The second most ridiculous thing about a modern American pregnancy is the addictive urge to educate your fetus in utero, such that they emerge calm, even-tempered, and ready to discuss Sartre — or at least sleep through the night — immediately upon arrival.
The MOST ridiculous thing about a modern American pregnancy is the paranoia, unprecedented in history, that ordinary foods and drinks might possibly, just maybe, in certain circumstances, pose such grievous risks to your child-in-progress that it’s better to avoid them altogether.
I can criticize these ridiculous things, and the goofballs who believe in them, because I’m one of them. (Pump enough progesterone into the skeptic and watch as her reason goes the way of her size 6 clothes.) I am now enough of a Susceptible Pregnant Person that I practice both flavors of prenatal fussiness. (In moderation, natch.)
My dear friend Ana, reliable source of good ideas and the loaner maternity wardrobe that got me halfway through the second trimester, was the first to recommend an item called Baby Plus. My husband raised an eyebrow every time I’d mention it, and pooh-poohed the expenditure of actual money on such a thing. My visiting mother was equally skeptical. But Ana swore by it, and that held my attention. Eventually I lucked into a secondhand unit at Wiggle Room for $6.50, figured I’d give it a whirl, and brought it home to &’s dismayed amusement.
(So far Mayhem loves it. The item emits a rhythmic pulse, and when I strap it onto my Pregnant Tummeh, she starts to kick in rhythm with it. My daughter has not yet reached the viability threshold and already she can dance.)
Will the Amazing Pulsing Pod make Mayhem smarter, or at least a good/better sleeper? Who can say? We’ll never know how comparatively unsmart, or how poor a sleeper, she would have been without these in utero dance parties. Baby Plus is the sort of thing my trademarks professor called a “credence good” — something you buy out of hope and use out of faith, even though you may never actually perceive its effect. (His favorite example: vitamins.) You don’t invest in a credence good because its utility is readily apparent. Rather, it’s something you do because it might help, or at least it couldn’t hurt.
Normal foodstuffs, meanwhile, apparently COULD hurt. I’ve heard all about fetal alcohol syndrome, caffeine-induced miscarriages, mercury in fish, listeria in cheese, etc. And as a graduate of remedial fertility school, I half expected to find myself among the gladly paranoid, rebuffing every spicy tuna roll or ham sandwich in sight.
Except that I’m not.
Full disclosure: I am being careful, kind of. When we go out for sushi with friends, I happily order grilled eel. We don’t eat much lunchmeat, canned tuna, or bean sprouts anyway, and I’m not even sure where I could find unpasteurized cheese if I tried. But I have cheated with abandon when it comes to poached eggs. I craved them and have had quite a few while Mayhem gestated away, right next door to my stomach. And the crock of Stilton cheese we brought back from England (confirmed: made with pasteurized milk) continues to delight, even though in England pregnant women are advised to avoid the stuff.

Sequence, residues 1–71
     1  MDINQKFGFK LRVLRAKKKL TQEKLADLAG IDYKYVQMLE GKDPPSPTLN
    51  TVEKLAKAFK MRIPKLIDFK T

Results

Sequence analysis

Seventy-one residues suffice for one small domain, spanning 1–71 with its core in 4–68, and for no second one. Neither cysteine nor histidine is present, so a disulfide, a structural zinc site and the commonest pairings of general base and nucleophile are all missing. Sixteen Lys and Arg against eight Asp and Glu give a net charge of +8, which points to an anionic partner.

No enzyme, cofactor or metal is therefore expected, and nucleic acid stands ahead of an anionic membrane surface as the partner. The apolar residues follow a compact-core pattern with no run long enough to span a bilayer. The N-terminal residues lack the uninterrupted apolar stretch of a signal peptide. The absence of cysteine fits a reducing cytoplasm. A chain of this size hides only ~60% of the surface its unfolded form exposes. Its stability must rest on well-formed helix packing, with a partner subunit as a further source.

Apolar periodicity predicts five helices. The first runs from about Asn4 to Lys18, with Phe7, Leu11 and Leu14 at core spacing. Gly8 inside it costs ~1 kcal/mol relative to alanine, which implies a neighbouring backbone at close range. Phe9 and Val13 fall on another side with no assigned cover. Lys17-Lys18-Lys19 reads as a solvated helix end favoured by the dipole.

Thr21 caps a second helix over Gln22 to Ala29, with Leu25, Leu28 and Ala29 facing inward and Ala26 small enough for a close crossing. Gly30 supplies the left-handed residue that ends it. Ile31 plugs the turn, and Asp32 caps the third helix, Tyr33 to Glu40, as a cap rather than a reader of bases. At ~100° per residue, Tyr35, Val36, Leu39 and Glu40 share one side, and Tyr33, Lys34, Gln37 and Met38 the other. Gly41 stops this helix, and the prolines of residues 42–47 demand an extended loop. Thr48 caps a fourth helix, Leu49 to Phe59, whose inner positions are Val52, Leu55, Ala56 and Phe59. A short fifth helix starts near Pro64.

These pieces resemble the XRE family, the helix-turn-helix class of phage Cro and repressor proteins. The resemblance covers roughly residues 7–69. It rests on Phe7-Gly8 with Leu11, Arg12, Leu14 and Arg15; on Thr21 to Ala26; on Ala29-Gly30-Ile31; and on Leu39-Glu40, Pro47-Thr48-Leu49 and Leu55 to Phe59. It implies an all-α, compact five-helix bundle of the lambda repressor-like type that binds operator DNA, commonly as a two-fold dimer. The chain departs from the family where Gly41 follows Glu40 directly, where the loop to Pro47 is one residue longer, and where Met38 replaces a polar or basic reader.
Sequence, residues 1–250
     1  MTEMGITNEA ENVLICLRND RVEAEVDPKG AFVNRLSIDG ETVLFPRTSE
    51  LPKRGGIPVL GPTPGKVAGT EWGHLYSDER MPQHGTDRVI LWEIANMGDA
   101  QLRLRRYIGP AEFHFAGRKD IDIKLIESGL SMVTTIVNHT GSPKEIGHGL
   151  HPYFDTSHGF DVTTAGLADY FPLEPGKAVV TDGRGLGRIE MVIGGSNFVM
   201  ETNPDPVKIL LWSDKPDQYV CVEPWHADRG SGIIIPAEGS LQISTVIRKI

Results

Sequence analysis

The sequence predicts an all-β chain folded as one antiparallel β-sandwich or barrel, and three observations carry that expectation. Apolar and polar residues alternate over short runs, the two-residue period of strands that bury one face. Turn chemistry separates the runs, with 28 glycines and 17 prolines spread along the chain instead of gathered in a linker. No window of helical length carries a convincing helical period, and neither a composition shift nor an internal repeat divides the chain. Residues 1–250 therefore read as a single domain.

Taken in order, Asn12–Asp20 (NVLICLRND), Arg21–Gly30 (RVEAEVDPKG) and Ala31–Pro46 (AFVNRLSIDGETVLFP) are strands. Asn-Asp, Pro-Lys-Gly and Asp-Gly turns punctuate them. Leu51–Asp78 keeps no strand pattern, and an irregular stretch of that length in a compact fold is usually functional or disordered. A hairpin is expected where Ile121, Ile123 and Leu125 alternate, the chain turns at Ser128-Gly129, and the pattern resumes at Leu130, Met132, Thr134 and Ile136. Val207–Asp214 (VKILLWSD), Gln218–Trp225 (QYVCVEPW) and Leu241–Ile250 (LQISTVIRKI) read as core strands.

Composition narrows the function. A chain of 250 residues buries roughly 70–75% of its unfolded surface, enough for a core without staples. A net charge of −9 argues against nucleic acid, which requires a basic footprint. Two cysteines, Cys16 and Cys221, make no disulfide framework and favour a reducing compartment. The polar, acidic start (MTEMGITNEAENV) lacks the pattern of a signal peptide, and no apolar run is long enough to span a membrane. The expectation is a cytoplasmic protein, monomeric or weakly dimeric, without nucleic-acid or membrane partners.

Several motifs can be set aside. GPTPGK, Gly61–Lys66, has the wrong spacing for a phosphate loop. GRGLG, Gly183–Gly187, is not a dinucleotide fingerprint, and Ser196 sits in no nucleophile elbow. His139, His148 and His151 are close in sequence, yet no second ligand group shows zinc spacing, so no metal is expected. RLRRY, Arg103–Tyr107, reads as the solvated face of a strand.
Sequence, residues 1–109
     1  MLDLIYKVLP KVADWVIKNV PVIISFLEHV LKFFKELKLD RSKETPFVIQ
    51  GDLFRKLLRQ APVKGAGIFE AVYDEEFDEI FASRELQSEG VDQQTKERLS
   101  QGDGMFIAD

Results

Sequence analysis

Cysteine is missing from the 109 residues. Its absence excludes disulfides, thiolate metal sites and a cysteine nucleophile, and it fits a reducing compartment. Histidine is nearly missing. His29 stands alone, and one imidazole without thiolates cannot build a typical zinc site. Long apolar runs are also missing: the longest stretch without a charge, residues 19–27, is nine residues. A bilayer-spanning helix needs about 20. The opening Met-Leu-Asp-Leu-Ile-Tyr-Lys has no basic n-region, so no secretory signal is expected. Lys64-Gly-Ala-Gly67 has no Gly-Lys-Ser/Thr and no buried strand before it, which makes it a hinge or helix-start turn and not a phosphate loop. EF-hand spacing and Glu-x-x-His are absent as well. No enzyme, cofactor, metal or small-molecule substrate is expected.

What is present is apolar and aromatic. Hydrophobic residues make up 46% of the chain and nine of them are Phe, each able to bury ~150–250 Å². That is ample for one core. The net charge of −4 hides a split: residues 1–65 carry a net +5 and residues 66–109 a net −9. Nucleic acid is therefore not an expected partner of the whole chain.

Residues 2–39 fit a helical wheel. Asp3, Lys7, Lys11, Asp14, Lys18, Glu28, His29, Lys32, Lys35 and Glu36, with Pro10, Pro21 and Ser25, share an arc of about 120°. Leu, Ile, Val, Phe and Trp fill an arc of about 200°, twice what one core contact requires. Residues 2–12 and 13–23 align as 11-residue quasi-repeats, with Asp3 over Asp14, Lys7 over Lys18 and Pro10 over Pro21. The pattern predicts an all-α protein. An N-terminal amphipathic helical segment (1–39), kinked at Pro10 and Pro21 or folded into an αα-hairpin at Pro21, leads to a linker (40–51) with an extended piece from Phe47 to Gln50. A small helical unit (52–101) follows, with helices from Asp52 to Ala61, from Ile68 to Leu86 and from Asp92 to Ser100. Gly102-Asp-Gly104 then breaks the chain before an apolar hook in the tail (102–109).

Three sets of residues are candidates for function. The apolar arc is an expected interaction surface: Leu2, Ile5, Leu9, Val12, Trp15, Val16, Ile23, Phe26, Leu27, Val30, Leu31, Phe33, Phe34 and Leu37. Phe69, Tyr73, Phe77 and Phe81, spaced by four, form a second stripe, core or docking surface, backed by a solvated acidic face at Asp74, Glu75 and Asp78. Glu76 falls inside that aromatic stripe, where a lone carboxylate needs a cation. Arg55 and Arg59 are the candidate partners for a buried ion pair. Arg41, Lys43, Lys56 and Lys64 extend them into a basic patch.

Frankly, I have difficulty believing that so many things, consumed by so many pregnant folks for so long, are as toxic as they’re now claimed to be in certain parts of the world. I want to be agnostic and dismissive of fussy pregnancy dietary restrictions. I don’t want to become one of those people who steps onto the slippery slope at the “no thanks, I’m pregnant” level and, before you know it, skids all the way to “That bottle is PLASTIC! That car burns GASOLINE!! Goddamn it, I’m taking my infant and moving off the grid!” in a muddy heap.
But at barely five weeks into this pregnancy, some bad things happened. My beta had failed to double. And I was already having an epic stressful week at work: one dispositive motion due and two expert depositions to take on the west coast, the latter on scant few days’ notice. On the flight out west, I had the first anxiety attack I’d had in months, complete with racing heart and inability to breathe. And then the cramps came.
Terrified of another miscarriage, I bargained with the cosmos: please let this not be an ectopic pregnancy. Please let this baby be digging in, right where she should be. If this is a good healthy pregnancy, I promise I will not touch alcohol or caffeine for the duration.
Turns out, it is. So I haven’t.
Make no mistake, there have been evenings where I’d have dearly loved a glass of wine, and mornings where I could have murdered a puppy for a cup of coffee. And I’m certain that the mere presence of Mayhem, without more, would not have deterred me. (At least not once the first trimester was over, and certainly not once I’d passed my twentieth week.) But when my own dietary restrictions rest on as fragile a rationale as “I made a bargain with the cosmos,” I can hardly condescend to the people whose paranoia is based on actual data.
But I’d like to believe that, deep down, I’m still a skeptic in the prenatal funhouse. My goal is not to worry about harming Mayhem any more than I go out of my way to try and upgrade her. She’ll be who she’ll be, and at this point, I think that’s already been more or less decided.
(Apparently she’s someone who’s got rhythm. And enjoys runny eggs.)